All entries for April 2013
April 26, 2013
Writing about web page http://www2.warwick.ac.uk/services/ldc/funding/watepgr/
After a highly successful inaugural year, it is brilliant to see the Warwick Awards for Teaching Excellence for PGR students running again this academic year. Students and staff can all nominate a PGR student who has made a difference through motivating, inspiring and engaging students and through creating an environment where everyone feels supported. If you are a postgraduate research student who knows someone who is passionate about their teaching and who you think makes a real difference, or if you’re an undergraduate who has been taught by a PGR student and want to record your appreciation, then go ahead and nominate. The process of nomination could not be easier, since it can be done in person at drop-in sessions at central locations across campus or online via the official WATE PGR website.
Last year, I was lucky enough to win one of the five inaugural awards and consider this to be a career-changing moment. I still feel very fortunate to have been nominated, since all winners and nominees are clearly passionate about their teaching and about passing on this interest to their students. The range of excellent teaching practice carried out by postgraduate researchers is simply staggering, and last year the impact of these teachers on undergraduates was made especially clear. Far from being seen to be in some way ‘inferior’ to their fully-fledged lecturer colleagues, PhD students at Warwick are often at the cutting-edge of university teaching.
Last year’s winners and commendees were remarkable for the variation of their teaching activities and techniques. Nearly all had been involved, like myself, in some form of Widening Participation or Outreach activity, while they were also united in their support for students both inside and outside the classroom. From the Law School to Sociology and from Film Studies to Chemistry, this group of PhD tutors underlined just how important teaching is to them, and, perhaps more importantly, to the students with whom they come into contact. If ever there was evidence that there is more to a PhD, and to a university, than the research process, this is surely it.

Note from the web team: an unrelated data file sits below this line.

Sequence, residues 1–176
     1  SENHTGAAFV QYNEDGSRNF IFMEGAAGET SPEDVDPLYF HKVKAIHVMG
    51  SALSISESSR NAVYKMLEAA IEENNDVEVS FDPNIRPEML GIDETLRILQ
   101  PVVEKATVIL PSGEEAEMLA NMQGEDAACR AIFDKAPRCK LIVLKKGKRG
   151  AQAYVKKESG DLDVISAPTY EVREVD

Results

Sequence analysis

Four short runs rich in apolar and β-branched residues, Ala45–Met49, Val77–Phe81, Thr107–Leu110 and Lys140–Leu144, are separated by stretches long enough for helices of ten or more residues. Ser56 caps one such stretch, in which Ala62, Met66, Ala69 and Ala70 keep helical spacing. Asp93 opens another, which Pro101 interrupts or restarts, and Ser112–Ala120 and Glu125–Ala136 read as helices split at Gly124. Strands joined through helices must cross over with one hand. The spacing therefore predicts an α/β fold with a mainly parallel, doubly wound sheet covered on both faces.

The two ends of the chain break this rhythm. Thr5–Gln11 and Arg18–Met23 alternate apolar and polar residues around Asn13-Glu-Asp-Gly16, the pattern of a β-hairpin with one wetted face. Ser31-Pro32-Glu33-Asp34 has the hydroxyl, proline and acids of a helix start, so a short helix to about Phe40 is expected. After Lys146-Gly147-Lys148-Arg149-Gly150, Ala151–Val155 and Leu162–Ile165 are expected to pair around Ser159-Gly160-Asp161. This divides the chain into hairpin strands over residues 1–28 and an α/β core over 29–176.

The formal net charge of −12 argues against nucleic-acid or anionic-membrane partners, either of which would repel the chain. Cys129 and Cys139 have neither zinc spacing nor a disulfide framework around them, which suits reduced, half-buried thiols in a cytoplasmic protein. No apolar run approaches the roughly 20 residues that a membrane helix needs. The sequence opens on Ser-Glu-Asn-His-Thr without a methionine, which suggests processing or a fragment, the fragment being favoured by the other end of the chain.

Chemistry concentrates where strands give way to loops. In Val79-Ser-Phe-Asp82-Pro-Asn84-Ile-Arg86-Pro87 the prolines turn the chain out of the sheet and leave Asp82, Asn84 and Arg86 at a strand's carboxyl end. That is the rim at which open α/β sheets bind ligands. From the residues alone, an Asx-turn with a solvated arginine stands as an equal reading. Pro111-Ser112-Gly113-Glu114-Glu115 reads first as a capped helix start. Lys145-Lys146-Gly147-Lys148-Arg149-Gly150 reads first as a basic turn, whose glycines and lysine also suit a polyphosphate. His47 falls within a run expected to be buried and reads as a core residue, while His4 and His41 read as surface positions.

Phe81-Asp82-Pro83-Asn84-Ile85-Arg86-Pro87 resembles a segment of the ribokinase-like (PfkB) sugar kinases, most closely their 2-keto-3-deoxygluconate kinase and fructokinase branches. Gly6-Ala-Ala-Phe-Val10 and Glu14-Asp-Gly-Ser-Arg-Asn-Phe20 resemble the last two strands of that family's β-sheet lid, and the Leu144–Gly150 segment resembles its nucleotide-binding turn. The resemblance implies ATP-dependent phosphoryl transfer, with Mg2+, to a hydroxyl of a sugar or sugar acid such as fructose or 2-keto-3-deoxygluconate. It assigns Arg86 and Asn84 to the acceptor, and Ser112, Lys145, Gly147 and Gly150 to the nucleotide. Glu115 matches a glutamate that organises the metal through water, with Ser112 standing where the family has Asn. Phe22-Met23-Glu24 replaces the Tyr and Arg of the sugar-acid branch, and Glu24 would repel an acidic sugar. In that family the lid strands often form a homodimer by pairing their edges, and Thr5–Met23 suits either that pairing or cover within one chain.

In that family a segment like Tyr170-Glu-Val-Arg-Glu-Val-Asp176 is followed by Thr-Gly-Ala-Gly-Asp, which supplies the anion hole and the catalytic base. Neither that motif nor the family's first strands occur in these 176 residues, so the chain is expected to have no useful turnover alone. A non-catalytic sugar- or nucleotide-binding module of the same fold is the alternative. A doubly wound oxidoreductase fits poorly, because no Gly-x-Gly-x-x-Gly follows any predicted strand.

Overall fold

It is not easy to ‘motivate, inspire and engage’ students. Even experienced lecturers can find this a daunting task and struggle to translate their excellence in research into excellence in teaching. Indeed, this is part of the reason the Learning and Development Centre exists in the first place; to support the on-going development of university teachers as they progress through their careers.
In his book For The University, Thomas Docherty argues that teaching should be an essentially transformative experience, not just for students but also for teachers. Teachers are, Docherty notes, students themselves, since their knowledge and understanding of their subject matter, and their teaching resources and methods, are in constant evolution. The opportunity to transform oneself socially and culturally, to take risks and to experiment are all key to Docherty’s understanding of genuine university teaching, informed by his reading of American theorist John Dewey. The opportunity to take risks and to engage in this journey of discovery requires considerable confidence on the part of the teacher. It is much easier for teachers, at whatever level of their career, to stick to teaching methods that they feel comfortable with, which might involve classes based around established facts in traditional classroom settings.
There is, of course, nothing wrong with sticking to long-held teaching styles if they engage students. Yet teaching and learning can be so much more interesting and can genuinely prove a transformative process for teacher and student. The WATE PGR Awards recognise PhD tutors who have experimented in their teaching at a very early stage in their careers, through exploring open-ended teaching and taking risks. Through their focus on engaging, motivating and inspiring students, the awards also recognise those tutors who have helped to transform their students.
For those nominated for the award, and for those ten teachers who are named winners or commendees, this process will itself prove transformative. I am often asked by colleagues in my department or in the wider University what the award has meant to me. While this is by no means an easy question to answer, I would suggest that the award has given me a new-found sense of autonomy to pursue experimental teaching and learning in a variety of settings.